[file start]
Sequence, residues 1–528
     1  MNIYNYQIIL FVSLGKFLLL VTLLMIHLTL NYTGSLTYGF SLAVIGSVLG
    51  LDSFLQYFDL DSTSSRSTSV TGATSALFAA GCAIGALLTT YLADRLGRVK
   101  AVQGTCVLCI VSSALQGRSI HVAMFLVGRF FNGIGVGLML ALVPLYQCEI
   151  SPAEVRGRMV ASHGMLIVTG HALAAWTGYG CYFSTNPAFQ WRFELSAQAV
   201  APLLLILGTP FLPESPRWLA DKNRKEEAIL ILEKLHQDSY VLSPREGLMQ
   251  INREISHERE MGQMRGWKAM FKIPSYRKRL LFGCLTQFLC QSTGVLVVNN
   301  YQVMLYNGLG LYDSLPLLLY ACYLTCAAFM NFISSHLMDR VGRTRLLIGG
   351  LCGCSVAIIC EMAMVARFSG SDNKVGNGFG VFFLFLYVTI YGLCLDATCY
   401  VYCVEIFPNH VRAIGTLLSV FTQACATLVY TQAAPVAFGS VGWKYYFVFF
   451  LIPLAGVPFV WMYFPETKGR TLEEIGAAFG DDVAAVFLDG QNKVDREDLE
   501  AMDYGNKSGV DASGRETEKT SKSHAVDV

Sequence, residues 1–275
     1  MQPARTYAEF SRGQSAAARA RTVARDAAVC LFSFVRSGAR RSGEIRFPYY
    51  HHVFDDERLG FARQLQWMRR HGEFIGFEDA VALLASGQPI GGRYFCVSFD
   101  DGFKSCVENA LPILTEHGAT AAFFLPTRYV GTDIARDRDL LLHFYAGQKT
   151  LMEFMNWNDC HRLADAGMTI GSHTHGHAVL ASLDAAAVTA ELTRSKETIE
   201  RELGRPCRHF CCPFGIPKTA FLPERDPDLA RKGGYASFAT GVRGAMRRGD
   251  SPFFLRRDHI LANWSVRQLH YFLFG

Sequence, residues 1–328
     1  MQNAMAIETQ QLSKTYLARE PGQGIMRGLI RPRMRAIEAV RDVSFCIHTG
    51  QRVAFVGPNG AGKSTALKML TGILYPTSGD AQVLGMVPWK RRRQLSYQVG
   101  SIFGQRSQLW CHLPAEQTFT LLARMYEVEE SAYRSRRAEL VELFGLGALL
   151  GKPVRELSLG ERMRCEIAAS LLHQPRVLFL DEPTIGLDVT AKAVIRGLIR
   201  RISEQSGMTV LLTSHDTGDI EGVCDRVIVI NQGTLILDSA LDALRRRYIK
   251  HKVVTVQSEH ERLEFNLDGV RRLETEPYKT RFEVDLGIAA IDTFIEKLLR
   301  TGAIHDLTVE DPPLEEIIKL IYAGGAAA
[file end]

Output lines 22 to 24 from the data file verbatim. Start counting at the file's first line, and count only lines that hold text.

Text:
    51  QRVAFVGPNG AGKSTALKML TGILYPTSGD AQVLGMVPWK RRRQLSYQVG
   101  SIFGQRSQLW CHLPAEQTFT LLARMYEVEE SAYRSRRAEL VELFGLGALL
   151  GKPVRELSLG ERMRCEIAAS LLHQPRVLFL DEPTIGLDVT AKAVIRGLIR